Top-20 Business Transformations of the Last Decade - ByteScout
  • Home
  • /
  • Blog
  • /
  • Top-20 Business Transformations of the Last Decade

Top-20 Business Transformations of the Last Decade

The last decade has witnessed a variety of attempts by businesses to service products i.e. businesses have resulted in hiring or leasing products rather than selling the products themselves. This, on the other hand, has a range of consumer and environmental benefits. Under the leadership of Raty Anderson, Interface has been the first company to build a radically new business model around the concept discussed above.

TOP-20 Digital Transformations

The company has been avoiding the emission of carbon and a low carbon economy requires a rapid acceleration of business model changes that apply the principle of delivering access to the function rather than product ownership and making this the norm rather than the exception.

Driven by a balance of corporate responsibility and pursuit of market opportunities and competitive advantage, many companies have developed low carbon product ranges. Philips in 2012 reported it’s a green product, Ecovision, and that year its sales improved from 39% to 50%. This has been embraced by other companies including P& G and GE through its Ecomagination project.

Lenses for Grading

The aim of this paper is to pinpoint the global companies that have recorded the highest business transformations within the last decade. The lenses used in the classification have been discussed below.

  1. New worth under this category we look at the ability and potential of companies in creating new products, services, creation of new markets or penetration to areas where their impact wasn’t felt in the past and new business models. This is the fundamental metric and it uses the percentage of revenue outside the core parameter that can be attributed to new growth areas.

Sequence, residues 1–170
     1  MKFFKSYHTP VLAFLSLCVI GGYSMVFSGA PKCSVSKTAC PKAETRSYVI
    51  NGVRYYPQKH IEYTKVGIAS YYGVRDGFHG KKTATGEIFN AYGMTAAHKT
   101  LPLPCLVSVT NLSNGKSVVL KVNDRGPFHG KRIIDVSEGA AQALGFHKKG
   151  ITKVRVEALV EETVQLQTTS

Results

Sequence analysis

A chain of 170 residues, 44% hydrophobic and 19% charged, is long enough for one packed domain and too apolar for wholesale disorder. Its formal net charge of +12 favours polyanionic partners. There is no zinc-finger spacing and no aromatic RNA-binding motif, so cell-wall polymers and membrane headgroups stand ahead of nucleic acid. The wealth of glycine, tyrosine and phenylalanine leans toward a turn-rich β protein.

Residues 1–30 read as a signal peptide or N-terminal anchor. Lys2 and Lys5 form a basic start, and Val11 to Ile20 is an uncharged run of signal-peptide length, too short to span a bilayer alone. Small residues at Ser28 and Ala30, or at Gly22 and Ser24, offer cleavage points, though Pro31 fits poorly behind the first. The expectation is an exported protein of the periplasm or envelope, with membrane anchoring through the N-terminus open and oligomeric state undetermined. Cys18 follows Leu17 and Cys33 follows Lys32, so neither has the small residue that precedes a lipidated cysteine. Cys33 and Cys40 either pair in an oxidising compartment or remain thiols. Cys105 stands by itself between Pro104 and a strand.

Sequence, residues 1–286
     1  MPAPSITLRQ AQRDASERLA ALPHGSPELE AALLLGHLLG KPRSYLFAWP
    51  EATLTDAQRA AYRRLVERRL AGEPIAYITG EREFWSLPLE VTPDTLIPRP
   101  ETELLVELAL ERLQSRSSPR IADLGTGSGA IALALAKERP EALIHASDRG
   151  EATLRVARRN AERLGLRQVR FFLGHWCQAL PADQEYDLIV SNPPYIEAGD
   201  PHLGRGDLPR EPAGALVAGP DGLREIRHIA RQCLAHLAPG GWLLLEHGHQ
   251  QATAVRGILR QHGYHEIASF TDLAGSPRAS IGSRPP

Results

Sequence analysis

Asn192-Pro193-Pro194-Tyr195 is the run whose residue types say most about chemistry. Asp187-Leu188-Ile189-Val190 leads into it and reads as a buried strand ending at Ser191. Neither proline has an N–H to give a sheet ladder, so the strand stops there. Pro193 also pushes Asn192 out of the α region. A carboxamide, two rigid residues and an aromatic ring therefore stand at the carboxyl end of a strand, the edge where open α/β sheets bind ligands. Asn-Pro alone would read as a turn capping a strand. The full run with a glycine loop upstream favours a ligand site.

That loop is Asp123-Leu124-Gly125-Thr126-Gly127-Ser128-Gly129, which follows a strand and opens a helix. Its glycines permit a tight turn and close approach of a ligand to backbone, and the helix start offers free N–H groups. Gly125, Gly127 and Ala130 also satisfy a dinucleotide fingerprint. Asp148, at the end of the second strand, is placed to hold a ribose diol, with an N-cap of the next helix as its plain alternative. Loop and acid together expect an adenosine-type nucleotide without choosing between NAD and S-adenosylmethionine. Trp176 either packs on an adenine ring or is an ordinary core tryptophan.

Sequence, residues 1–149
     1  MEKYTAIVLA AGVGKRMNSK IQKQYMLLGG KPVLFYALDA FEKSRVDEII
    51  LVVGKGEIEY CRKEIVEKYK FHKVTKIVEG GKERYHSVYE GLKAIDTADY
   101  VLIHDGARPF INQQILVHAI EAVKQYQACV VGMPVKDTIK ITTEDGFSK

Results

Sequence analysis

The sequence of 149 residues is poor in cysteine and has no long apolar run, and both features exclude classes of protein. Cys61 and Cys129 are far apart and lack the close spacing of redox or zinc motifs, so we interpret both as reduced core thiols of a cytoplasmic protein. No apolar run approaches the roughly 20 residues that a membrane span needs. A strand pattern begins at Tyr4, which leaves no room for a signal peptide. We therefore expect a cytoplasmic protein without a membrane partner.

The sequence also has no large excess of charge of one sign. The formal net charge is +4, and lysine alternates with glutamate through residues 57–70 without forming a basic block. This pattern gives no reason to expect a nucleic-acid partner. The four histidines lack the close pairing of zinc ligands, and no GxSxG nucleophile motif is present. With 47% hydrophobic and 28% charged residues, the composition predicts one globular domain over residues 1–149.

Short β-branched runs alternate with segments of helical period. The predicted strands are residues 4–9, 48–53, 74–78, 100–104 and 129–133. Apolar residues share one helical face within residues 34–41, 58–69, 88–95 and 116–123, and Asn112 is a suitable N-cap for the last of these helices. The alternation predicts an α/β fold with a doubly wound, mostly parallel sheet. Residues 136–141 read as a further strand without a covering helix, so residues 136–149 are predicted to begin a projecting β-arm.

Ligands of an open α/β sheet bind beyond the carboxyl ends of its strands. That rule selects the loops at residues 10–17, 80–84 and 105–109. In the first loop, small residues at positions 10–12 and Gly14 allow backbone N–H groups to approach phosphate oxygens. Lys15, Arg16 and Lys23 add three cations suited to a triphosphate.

2. Repositioning the core this parameter looks at how effective a company adapts its core business to changes or disruptions in the market that it commands. How it develops a legacy when there are market changes and disruptions.
  3. Financials this parameter looks at the posting of strong financial and stock market performance. It also looks at companies who in the previous year(s) made losses and now they have churned that around and are making profits. It also looks at the revenue Compound, Annual Growth Rate (CAGR), profitability and the stock price during the transformation period.

The following table presents the 20 global companies that have been ranked highest in their new-growth transformation. Each of the companies presented showed some improvement in the development of new products, services as well as business models. Repositioning is very important as well as financial performance. The following table presents the numbering,

Company HQ

New growth area revenue as % of a total business: X%

Stock CAGR*

Since the base year of transformation: X%

Benchmark CAGR: X%

1. Netflix (US)

Original content; 44%

CAGR since 2012:  59%

S&P 500: 10%

2. Adobe  (US)

Digital experiences: 27%

CAGR since 2009: 26%

S&P 500: 10%

3. Amazon (US)

Web services 11%

CAGR since 2009: 39%

S&P 500: 10%

4. Tencent (China)

Fintech transportation 25%

CAGR since 2011: 32%

Hang Seng: 1%

5. Microsoft (US)

Intelligent cloud: 29%

CAGR since 2010: 17%

S&P 500: 9%

6. Alibaba (China)

Fintech health tech: 14 %

CAGR since 2013: 8%

NYSE Index: 1%

7. Orsted (Denmark)

Offshore wind: 37%

CAGR since 2017: 30%

OMX Copenhagen 0%

8. Intuit  (US)